Fri. Jan 22nd, 2021

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Album Review: Sleeping With Sirens – Madness

2 min read

Back in 2014, Sleeping With Sirens announced they would be parting ways with their label Rise Records. Initial claims were made that the following album would be recorded independently, but instead the band ended up signing with Epitaph Records. As their first album on a different label, the question is whether Madness would be as big a change as their last album Feel.

Sleeping With Sirens MadnessFrom the moment the album starts with Kick Me, the change in sound is already noticeable. The song is a mixture of pop punk thrown in with sections hearkening back to their post-hardcore days, including screaming vocals. While there’s something obviously different here, by the time the album gets to Gold and Save Me a Spark, the changes go from subtle to extreme. These songs signal the big change in direction for the album, with the main genre of the album being alternative rock. The noisy post-hardcore production of their previous albums is replaced with something much more general and clean, though there are a few songs that still go in this direction, such as the We Like It Loud and the previously mentioned Kick Me.

Perhaps the most drastic evolution on the album comes with The Strays, a song full of bouncy guitar strumming, orchestral string arrangements and even a xylophone for the verses before moving into the rock chorus. Similar elements are used in the title track Madness, which strips back even the rock section and presents itself as a sincere mid-tempo production that sits somewhere between a ballad and a pop song. It works so well, especially with the vocals of Kellin Quinn, that it might even be their best song.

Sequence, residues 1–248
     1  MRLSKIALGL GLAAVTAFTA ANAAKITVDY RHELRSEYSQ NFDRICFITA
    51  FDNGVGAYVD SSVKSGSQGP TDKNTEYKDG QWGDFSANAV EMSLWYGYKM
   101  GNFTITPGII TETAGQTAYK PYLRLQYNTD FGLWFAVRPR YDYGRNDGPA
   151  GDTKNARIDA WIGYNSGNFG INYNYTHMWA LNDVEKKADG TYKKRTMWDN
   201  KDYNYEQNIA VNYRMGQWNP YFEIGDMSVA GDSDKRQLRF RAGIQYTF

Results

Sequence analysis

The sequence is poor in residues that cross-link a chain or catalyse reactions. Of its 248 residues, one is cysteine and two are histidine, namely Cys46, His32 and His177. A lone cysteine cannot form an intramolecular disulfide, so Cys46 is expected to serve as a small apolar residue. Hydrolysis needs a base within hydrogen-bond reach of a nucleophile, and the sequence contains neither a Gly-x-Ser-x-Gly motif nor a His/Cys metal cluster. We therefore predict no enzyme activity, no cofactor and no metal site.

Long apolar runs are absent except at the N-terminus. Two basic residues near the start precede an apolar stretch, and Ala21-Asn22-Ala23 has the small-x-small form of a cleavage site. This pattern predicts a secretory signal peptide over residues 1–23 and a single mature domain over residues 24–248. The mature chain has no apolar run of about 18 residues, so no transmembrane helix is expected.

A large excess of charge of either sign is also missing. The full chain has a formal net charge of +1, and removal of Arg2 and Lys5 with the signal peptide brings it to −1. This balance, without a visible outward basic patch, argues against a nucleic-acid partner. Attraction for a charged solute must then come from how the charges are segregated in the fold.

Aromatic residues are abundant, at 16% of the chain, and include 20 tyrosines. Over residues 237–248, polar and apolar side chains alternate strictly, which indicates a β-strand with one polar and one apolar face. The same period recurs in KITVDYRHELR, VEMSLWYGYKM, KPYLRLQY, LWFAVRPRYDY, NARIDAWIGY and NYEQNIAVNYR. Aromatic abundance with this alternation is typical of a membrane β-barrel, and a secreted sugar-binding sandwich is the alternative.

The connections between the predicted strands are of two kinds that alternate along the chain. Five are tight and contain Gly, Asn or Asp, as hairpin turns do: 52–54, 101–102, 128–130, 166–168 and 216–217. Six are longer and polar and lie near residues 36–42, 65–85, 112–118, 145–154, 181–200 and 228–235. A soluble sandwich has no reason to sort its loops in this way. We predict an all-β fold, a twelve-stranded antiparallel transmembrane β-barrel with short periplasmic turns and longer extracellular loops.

The only weak links on the album prove to be the post-hardcore influenced songs, which will at least please fans of their previous albums but stick out noticeably in comparison to the cleaner songs on the album. Otherwise, the evolution in sound makes Madness much more enjoyable than their previous albums. The new sounds explored on the album suit Kellin’s higher pitched vocals better than their previous ventures, with the retained focus on clean vocals instead of screaming being especially appreciated, and the skills of the fellow band members are truly on show here.

Madness came as quite a shock. While the band warned us of a change with this album, it wasn’t quite what was expected, and may drive some older fans off. At the same time, it exceeded any expectations that came with the announcement. The album feels more substantial, varied and enjoyable than those that came before. Between the mid-tempos like November and the title track to the alternative rock of Left Alone and Save Me a Spark, Sleeping With Sirens have managed to deliver their best album to date with Madness.